Many people are quite familiar with the notion of a third Jewish Temple. But just in case, let me give a brief summary. In the early days of the faith, there were many years that the wandering Hebrews never had a temple. Rather, they worshipped YHWH (or Jehovah) in a tent—the Tent of Meeting. But eventually, King David, having established himself comfortably in a palace, took it in mind to build a house also for God. The Bible states that God instructed him NOT to do that, since he was a warrior king, and had a violent past. Rather, the divine blessing was on David’s son, Solomon, to carry out the building task.
Solomon built the first temple around 966 BC, in Jerusalem, and therefore many people refer to it by his name: Solomon’s Temple. Animal sacrifice and the many musicians were the two prominent features of temple worship. It stood until 586 BC, when it was destroyed by the Babylonians. A second temple was built around 516 BC, on the same site, which was the temple that Jesus visited. Since King Herod expanded this temple so much during the first century, it came to be referred to as Herod’s Temple. It was destroyed in 70 AD by the Romans. Since that time, the Jewish temple has never been rebuilt. All that is believed to remain is the Western Wall, sometimes called the Wailing Wall; which is a popular Jewish prayer destination.
Many Jews believe that when Messiah appears, he will build the third temple. Others claim it needs to be built first, to welcome Messiah to the planet. Some Jews believe that if a third temple is built, it will certainly mean a re-instituting of animal sacrifice; but others say no.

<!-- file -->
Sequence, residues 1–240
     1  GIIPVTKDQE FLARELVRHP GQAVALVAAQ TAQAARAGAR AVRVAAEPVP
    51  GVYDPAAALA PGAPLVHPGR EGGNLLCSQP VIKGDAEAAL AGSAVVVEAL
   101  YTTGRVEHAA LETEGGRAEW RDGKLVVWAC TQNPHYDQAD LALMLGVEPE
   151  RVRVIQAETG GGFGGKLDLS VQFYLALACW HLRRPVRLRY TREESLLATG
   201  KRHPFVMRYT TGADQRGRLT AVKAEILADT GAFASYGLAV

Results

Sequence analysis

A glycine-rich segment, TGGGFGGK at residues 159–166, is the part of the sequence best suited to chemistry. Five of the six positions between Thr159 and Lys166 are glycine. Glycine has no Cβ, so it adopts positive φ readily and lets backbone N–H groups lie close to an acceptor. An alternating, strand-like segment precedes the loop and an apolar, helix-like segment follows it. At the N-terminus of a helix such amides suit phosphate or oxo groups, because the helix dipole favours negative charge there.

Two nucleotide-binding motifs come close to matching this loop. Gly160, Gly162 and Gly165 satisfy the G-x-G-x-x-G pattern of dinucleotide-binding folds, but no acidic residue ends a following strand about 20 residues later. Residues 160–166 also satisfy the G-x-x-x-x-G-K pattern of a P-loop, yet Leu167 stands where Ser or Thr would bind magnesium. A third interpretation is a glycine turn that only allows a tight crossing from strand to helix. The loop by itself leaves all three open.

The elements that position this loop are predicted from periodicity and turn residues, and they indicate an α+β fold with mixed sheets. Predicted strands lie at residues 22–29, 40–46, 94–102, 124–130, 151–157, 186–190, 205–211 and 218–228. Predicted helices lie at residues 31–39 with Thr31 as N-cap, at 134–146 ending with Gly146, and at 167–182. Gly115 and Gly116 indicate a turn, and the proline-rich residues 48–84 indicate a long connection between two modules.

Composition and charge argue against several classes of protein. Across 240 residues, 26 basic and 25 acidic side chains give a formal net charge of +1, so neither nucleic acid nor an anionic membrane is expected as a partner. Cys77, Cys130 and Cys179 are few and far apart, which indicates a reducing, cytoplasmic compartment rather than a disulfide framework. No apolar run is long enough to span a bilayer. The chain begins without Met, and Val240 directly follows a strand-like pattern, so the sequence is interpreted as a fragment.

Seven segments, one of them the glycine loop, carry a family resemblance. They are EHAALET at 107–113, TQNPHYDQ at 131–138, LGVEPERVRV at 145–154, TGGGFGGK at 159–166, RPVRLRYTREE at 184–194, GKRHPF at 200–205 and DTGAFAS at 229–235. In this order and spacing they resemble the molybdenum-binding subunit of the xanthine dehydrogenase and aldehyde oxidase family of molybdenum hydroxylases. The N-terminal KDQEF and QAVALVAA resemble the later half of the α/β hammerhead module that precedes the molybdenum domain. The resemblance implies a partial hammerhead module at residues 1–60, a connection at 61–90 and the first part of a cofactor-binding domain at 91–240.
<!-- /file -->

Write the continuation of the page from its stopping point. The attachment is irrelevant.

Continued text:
Besides financing such a project, one major problem that modern-day Israel has faced has to do with the location. Everyone assumes that the temples were originally on the Temple Mount. However, there are today five mosques on the Temple Mount, which could significantly inhibit construction. The most prominent two are the Dome of the Rock and the al-Aqsa Mosque. The reason that there are five mosques is because in 1967, Israel gave control of the Temple Mount to Arabs as a sign of peace and goodwill, and in hopes that it would end the fighting. Presumably, it would be hard to ask for that land back, since it would mean the removal of five mosques.
On the surface, it would seem that the Jews will never get their third temple. However, there is good news for them and below I will explain.
The Wailing Wall we see today is actually the wall of Fort Antonia. This was a Roman garrison that housed as many as 10,000 soldiers, and was adjacent to, and higher than the Hebrew Temple.
The first two temples were rather just South of Fort Antonia in the City of David, next to Gihon Spring. Think about this. With thousands of animals being killed and burned (sacrificed) daily, they would need a lot of water to keep the temple clean. There is no water source on the Temple Mount! So, any temple builders would have seen the spring of Gihon as the obvious solution.
Therefore, the good news for Israel is that the City of David is under their control. They could build a third temple there tomorrow.
There are two possible downsides: 1) The long-held tradition that associates the temples with the Mount. That will have to be overcome. 2) The City of David is lower in elevation than the Temple Mount which could leave some feeling as if it is inferior, of sorts. But the original temples were never at the highest place in town. When Fort Antonia was operational, it stood higher than the temple.
For a much more detailed explanation, please see this site. (I am not endorsing the entire site, but just this article.)
The diagram above shows that the City of David is about 600 feet South of the Temple Mount. Traditionally believed to be the site of Solomon’s and Herod’s Jewish Temples, the Temple Mount in fact was the Roman Fort Antonia. The rectangular walled structure we still see standing was that Fort and would have housed as many as 10,000 Roman soldiers. The City of David is where the Jewish temples were originally built in 966 BC and 516 BC. (courtesy Google Earth)
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